BISSAU (Reuters) - Guinea Bissau's parliament blocked a bill on Tuesday that would give immunity to the leaders of a military coup last year, rejecting a measure being pushed by an interim government ahead of elections in November.
Soldiers under the command of General Antonio Injai, head of Guinea-Bissau's armed forces, toppled President Raimundo Pereira and Prime Minister Carlos Gomes Junior last year, days before a runoff election Gomes Junior was favoured to win.
Injai, who evaded U.S. attempts to detain him in a drug sting earlier this year, vowed last month never to resign from office, casting doubts on the army's willingness to relinquish its control over the running of the small West African country.
Only 40 members of the 100-seat national parliament voted in favour of the bill, falling short of the 50 percent threshold needed to approve it. Twenty-five legislators voted against it and seven abstained.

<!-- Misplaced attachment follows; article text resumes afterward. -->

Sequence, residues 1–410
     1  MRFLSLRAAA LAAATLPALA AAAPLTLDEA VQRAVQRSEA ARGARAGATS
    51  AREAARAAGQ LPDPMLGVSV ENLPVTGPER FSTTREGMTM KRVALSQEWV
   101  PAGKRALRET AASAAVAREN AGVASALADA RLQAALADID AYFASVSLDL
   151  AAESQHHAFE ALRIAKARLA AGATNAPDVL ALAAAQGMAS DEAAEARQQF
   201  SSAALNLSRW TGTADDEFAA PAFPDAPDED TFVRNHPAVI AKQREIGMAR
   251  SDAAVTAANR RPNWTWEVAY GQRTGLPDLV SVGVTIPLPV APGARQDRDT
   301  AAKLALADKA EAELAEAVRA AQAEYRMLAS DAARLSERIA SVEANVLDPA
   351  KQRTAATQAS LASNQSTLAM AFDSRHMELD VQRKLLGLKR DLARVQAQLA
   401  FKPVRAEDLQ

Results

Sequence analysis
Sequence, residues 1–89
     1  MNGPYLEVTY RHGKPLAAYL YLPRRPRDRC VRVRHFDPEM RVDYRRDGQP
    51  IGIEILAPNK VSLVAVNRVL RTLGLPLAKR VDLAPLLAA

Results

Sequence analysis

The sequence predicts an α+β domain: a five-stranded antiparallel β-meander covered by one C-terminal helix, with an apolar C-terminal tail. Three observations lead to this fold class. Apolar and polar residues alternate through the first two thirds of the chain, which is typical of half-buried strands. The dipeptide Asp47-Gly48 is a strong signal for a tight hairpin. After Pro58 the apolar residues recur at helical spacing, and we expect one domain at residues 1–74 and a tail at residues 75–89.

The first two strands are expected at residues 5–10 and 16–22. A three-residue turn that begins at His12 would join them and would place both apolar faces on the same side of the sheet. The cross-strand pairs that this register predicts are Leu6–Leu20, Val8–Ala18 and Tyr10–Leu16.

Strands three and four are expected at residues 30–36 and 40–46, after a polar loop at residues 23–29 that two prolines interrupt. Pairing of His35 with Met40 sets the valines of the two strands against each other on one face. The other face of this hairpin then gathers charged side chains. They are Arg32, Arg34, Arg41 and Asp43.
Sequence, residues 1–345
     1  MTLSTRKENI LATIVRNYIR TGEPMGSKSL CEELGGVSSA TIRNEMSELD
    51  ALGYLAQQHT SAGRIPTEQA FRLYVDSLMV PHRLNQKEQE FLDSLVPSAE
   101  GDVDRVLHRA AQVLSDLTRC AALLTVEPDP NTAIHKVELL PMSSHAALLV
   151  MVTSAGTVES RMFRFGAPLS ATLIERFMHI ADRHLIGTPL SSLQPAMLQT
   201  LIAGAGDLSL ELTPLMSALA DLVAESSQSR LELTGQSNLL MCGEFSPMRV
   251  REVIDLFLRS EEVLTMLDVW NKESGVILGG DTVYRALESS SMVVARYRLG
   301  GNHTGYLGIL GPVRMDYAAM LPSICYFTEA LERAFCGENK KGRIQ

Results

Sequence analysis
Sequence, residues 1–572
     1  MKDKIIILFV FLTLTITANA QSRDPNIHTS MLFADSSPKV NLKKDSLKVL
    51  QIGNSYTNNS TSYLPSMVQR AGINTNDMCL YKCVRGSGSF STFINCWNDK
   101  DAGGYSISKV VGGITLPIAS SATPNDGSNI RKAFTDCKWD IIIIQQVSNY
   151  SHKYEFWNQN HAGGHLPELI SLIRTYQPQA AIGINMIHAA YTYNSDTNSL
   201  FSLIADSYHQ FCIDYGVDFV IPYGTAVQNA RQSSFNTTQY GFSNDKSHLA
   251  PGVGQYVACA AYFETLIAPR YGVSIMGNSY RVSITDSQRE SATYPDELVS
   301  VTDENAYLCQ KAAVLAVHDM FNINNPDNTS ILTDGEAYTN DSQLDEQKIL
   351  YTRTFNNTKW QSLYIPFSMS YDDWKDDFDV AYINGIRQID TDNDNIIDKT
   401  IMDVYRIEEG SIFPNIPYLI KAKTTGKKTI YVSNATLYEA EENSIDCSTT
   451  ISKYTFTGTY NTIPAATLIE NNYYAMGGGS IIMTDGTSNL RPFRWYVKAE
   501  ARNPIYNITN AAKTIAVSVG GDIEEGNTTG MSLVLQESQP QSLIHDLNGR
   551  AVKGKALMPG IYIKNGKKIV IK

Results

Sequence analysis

Florentino Mendes Pereira, secretary general of the PRS party, said it would seek another opportunity to introduce the measure before the November 24 presidential election meant to seal a democratic transition after the coup and draw a line under decades of instability.
In 2008, parliament approved an amnesty for political crimes and atrocities committed since independence from Portugal in 1974 until 2004 when General Verissimo Correia Seabra, armed forces chief of staff, was assassinated.
Human rights groups had warned that another amnesty law could encourage a sense of impunity in a country with a long history of political violence.
Guinea-Bissau's chronic instability and lawlessness has bred poverty and turned the country into a hub for South American drug smugglers trafficking cocaine into Europe.